Designing a usernameless chat system

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Discord is removing username discriminators, which got me thinking about usernames as a whole, and how to design a platform without them.

This post is written with discord in mind, but applies to basically any chat platform.

The only place where a user needs to interact with a username in discord is when adding a user as a friend. And discord already has a form of invite links, it just uses it to join servers rather than to invite users.

You could nuke usernames entirely. Users still have a unique identifier as normal, but that’s internal-only and not intended for use by anyone but discord and bots. Making user IDs private would be a good idea, but not the focus here. And have a display name which doesn’t have to be unique.

Now that usernames are gone, you need to have some way to add users. So introduce friend codes.

Friend codes act much like invite links to servers, in that they’re random codes that last for a specified length of time and uses, both of which can be infinite.

Codes should be human readable, writable, and memorable. People are shit with random letters, so instead make them words. 3 random words from a wordlist of 10000 gives you 10000³ possible codes, which is enough for 500 million users to have 2000 codes each. Therefore, a code would look like crude holders temp. You may also wish to use a wordlist that can correct for typos, and autocorrect on entry.

Codes should also be able to be in the user’s native language. This not only means people aren’t forced to memorise codes in English when they don’t speak it, but it also helps lower the usage of any specific wordlist, allowing more common words to be used.

The number of words in the wordlist doesn’t have to be fixed upfront, and can be changed on the fly. Shorter and more common words can be used for longer term codes, while longer words are used for temporary codes.

The use case of “I want someone to add me but I don’t have my phone with me” would be handled by encouraging generation of one permanent invite code. Depending on how many users use your system, this could be shortened to 2 words (100 million total codes with a wordlist of 10000). This is the closest thing to a username that this system would have, but is both not user selectable, and entirely optional. You would need to memorise the code, but in the current system you need to memorise your discriminator anyways, so no major difference. You can also very easily replace that invite code without affecting any other invite links, if it is being used to spam you.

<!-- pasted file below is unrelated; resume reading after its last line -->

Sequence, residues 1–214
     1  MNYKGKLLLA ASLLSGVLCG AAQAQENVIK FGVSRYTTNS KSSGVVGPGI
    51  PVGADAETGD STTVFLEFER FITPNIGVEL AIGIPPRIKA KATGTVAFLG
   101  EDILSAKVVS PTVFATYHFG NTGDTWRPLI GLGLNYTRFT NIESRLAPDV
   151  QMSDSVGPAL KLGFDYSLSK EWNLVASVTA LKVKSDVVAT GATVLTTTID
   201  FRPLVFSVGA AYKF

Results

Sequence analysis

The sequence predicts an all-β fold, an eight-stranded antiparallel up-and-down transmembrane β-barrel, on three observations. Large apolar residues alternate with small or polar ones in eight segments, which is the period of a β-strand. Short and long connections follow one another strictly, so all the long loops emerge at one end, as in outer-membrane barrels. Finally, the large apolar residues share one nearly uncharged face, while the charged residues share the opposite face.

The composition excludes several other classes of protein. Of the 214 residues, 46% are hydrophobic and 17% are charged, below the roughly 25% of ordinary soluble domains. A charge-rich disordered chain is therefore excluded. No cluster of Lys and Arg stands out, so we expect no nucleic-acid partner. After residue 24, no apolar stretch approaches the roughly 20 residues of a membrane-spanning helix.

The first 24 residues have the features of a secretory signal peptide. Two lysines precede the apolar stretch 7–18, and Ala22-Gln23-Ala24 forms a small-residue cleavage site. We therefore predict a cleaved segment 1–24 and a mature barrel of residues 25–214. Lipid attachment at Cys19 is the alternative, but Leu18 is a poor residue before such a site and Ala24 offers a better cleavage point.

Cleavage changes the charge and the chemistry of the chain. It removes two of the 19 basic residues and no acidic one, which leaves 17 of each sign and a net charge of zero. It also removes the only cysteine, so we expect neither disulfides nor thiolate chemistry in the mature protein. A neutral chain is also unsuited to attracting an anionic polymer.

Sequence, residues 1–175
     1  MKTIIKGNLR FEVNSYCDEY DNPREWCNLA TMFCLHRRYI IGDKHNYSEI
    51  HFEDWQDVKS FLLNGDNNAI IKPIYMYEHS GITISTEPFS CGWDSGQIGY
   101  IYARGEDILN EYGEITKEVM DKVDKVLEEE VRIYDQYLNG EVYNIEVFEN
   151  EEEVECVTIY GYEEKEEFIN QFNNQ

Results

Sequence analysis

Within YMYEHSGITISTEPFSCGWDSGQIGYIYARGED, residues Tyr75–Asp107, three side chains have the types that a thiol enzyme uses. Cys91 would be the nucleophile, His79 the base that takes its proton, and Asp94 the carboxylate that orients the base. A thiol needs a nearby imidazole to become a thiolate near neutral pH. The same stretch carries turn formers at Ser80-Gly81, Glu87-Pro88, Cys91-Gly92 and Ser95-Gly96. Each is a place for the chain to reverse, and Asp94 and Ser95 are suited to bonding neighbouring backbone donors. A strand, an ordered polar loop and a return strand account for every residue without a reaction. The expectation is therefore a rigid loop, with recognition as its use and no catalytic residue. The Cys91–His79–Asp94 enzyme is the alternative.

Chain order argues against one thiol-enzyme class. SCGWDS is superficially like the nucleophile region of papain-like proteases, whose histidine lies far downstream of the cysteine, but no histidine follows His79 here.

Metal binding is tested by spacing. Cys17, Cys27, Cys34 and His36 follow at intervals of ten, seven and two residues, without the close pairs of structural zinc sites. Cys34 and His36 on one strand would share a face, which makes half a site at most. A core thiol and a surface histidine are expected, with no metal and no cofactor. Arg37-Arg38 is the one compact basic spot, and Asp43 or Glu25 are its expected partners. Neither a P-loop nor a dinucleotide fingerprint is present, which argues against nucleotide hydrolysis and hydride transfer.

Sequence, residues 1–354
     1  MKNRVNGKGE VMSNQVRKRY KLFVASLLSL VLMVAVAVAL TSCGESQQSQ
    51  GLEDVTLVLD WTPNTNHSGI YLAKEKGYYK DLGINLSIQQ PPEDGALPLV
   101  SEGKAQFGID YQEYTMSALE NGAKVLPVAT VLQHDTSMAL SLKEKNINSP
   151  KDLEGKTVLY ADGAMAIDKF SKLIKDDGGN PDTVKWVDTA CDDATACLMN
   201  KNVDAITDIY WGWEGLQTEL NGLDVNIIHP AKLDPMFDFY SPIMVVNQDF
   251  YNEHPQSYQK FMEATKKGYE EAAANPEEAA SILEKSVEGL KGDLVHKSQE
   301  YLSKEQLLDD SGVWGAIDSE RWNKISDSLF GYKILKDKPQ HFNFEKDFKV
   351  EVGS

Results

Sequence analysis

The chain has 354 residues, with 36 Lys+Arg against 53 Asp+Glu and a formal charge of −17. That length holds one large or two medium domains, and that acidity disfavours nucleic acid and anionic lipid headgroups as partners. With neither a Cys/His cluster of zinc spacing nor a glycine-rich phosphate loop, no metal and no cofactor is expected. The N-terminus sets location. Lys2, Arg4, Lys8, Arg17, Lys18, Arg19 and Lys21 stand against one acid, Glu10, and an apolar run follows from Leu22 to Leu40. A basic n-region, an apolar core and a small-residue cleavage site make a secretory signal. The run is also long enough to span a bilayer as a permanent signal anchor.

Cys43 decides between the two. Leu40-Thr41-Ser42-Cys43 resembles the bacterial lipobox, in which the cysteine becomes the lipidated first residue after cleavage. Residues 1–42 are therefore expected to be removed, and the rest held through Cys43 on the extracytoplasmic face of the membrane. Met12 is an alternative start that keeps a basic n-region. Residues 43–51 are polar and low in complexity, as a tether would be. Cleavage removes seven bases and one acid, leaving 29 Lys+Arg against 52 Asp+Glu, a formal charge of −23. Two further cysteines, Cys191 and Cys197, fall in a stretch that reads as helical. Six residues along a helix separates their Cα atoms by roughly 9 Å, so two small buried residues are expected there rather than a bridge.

Give the ability to give a name to codes, so you can have codes tied to a specific platform you put the code on. When you get a friend request, you’re told where the user got your code from, and you’re given the chance to revoke that code easily.

This change would mean that for every friend request you get, you’re able to know where it came from, and are given the ability to revoke it. You can also add a friend based on seeing a message from a user and clicking “Add Friend”. You should have the ability to be told which server the user added you from, and have the ability to block friend requests from that server.

If you have adding friend requests from servers disabled, and have no active invite links, there is no way for anyone to add you as a friend.

The above system both fixes issues with username squatting, and helps deal with spam issues where you can be told where someone added you from. No more message requests with Funny Images or death threats from randos. Or, at least, you can know how they know you.

This also works for federated systems, but you would need to add a server name to the invite codes, so codes would look like bank tough. Bikeshed if you want a - instead of space there. And federated systems would likely use shorter codes because less users per server.